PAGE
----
Please excuse my typing as I have a form of parkinsons disease

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                    • #11
                      This lathe is with a bunch of other equally fine stuff, deckel, tree mill, etc. It all belonged to one guy. I wondered what the story was? Did he die, lose interest? The copy said the guy was a JPL engineer and these were his personal machines. Certainly the makins of a dream shop.

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                      • #12
                        Originally posted by greywynd
                        ... I'd be willing that there are quite a few people on here that can make nicer stuff on an old South Bend or Atlas then some people could on that Hardinge. It's a matter of getting to know how to use the equipment. $15,000 is a good chunk of coin for a lathe, a lot of the folks on here could equip their entire shop for that. (I'm sure some of you have done it for less.)

                        (Mind you I'd also take the Hardinge in my shop if it was offered!!)

                        Mark
                        Yeah, it's all really about skill more than tools. And 15 grand would do a pretty nice job of equipping a shop. It's definitely about 14.5 grand more than I paid for mine. Yes, it's a lot nicer, but not 30 times nicer.

                        But if someone gave me one I'd jump on it like a spawning salmon!

                        Walt

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                        • #13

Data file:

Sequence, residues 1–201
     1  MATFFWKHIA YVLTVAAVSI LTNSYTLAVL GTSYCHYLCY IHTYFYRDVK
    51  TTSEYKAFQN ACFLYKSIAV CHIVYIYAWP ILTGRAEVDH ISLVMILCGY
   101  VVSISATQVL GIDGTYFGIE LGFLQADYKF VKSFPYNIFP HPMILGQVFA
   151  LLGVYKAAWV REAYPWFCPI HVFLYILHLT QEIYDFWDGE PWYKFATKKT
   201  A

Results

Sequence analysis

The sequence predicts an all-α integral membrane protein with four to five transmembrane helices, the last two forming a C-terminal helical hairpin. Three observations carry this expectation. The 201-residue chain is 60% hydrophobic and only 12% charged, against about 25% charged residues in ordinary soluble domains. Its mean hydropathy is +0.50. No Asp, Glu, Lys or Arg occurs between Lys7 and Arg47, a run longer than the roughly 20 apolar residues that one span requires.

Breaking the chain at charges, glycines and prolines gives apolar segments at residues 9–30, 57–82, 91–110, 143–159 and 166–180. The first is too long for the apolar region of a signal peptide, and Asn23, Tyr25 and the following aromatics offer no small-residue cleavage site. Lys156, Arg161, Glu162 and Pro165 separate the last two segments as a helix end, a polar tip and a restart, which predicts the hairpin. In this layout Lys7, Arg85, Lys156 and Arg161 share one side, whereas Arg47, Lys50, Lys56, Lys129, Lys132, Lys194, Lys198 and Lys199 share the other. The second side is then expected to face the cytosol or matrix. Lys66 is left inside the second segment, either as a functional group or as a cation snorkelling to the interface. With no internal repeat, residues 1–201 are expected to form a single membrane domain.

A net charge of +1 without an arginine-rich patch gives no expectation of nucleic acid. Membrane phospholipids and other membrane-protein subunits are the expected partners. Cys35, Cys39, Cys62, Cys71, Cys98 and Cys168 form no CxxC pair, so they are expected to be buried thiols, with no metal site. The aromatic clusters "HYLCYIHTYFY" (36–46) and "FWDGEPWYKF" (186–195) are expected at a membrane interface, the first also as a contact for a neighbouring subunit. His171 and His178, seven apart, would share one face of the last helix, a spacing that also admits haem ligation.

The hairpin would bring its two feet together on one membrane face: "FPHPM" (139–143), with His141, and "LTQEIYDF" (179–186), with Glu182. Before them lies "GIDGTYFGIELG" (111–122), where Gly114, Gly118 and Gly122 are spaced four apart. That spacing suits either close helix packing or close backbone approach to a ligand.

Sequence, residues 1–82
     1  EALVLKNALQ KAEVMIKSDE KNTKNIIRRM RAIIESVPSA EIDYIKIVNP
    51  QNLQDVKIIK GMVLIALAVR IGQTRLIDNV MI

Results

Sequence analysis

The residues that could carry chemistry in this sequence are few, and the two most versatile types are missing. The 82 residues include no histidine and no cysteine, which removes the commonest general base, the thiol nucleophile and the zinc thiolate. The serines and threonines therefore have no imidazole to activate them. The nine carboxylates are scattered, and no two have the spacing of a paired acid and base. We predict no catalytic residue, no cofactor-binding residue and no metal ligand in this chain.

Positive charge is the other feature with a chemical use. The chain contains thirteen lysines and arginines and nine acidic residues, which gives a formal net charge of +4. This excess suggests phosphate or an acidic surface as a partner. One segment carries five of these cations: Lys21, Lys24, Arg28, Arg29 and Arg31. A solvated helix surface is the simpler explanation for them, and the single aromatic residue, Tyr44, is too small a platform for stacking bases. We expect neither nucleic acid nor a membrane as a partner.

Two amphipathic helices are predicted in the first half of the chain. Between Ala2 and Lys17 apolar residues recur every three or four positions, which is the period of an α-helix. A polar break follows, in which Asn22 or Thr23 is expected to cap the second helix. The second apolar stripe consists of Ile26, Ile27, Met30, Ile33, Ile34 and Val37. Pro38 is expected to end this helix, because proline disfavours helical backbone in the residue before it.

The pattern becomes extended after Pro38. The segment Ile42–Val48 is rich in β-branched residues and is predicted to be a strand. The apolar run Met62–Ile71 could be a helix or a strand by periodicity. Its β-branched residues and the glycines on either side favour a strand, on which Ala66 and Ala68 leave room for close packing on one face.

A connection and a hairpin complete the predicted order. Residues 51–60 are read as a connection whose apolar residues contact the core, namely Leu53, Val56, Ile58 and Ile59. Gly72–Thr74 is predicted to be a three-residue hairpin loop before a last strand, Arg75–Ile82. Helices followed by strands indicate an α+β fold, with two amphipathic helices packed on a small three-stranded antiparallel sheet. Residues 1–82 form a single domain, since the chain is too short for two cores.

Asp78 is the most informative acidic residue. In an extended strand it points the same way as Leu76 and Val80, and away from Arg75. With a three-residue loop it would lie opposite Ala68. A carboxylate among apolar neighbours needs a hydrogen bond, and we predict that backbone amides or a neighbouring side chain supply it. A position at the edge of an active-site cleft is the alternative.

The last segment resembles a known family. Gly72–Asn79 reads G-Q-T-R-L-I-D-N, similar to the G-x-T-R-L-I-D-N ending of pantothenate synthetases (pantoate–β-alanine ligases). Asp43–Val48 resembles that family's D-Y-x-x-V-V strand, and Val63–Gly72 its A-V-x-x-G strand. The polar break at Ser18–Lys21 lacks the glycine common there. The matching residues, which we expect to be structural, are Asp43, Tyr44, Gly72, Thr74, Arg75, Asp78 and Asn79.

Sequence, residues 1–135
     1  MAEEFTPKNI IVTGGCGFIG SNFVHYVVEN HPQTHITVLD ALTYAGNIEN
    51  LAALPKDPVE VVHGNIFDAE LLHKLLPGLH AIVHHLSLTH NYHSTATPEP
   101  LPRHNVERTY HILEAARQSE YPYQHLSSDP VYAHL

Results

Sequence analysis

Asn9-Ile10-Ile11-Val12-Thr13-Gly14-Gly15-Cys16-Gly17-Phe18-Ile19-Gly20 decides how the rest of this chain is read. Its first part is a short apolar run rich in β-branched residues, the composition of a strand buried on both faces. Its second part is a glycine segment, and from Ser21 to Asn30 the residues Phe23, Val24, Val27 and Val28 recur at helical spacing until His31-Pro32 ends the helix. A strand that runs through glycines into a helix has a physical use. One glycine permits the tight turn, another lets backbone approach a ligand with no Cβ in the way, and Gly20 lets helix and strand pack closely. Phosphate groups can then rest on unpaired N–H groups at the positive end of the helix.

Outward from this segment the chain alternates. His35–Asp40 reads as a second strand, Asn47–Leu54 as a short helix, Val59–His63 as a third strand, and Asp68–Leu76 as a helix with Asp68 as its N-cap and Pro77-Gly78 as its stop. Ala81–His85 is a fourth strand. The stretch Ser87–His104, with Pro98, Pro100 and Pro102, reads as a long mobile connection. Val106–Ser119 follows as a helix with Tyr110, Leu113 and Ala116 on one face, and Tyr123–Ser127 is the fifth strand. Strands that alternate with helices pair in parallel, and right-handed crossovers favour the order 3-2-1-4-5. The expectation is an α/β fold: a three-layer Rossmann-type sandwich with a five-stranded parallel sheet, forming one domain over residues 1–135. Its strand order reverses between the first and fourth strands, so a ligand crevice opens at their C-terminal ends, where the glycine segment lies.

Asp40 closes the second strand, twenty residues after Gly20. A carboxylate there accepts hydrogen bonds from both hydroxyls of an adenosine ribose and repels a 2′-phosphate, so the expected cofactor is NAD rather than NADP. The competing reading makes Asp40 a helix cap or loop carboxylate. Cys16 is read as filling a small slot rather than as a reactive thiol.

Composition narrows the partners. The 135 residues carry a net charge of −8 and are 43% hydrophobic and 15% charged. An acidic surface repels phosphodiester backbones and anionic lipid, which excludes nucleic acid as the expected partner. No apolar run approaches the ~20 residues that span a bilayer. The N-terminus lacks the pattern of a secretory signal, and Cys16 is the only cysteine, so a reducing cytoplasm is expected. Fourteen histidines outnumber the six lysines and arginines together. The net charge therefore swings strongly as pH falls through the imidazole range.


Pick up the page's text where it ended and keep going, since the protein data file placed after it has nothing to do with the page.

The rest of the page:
When I see something like that it makes me wonder what it is like to be Bill Gates. When he wants something the only question is whether it exists or not, and if it doesn't, can it be made to exist?

                          There are a lot of people around that wouldn't think twice about spending that sort of money. The cost of something plays no part in their buying decision. That is a very pretty lathe and would turn out work as well as the person using it is capable of doing.

                          There is an old saying, "A poor workman blames his tools". To some degree that is true. However, even the best workman will be limited by the capability of his tools and the better the tools the better the product the workman is able to make.
                          Free software for calculating bolt circles and similar: Click Here

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                          • #14
                            I agree with you Evan but having expensive eqipment no matter how expensive will not produce better work in a statistical sense I E if you pay fifteen grand as opposed to say a grand an equall worker will not produce an article fifteen times better that's a fact. However nice tools make you sometimes approach a job with a better attitude if you take a lot of care over your machines then the likelyhood is you will adopt a better aproach to your work ethic.Alistair
                            Please excuse my typing as I have a form of parkinsons disease

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                            • #15
                              I am expected to turnout work that functions well both in fit and finish everyday on what is basically wornout junk.Mind you I don't mind doing it so long as occasionally when I see the chance to make things better I can(new tooling,spindle bearings etc.).

                              However when on occasion I do get to use a machine that is in top notch shape or at least new it's like taking a vacation.You enjoy yourself while you are there,but get depressed when you have to go home

                              Alistair,there has been an argument as to which is better the Hardinge or the Monarch 10EE for many years.I think I'll need one of each so I can do a proper comparison,care to contribute to a worthy cause?
                              I just need one more tool,just one!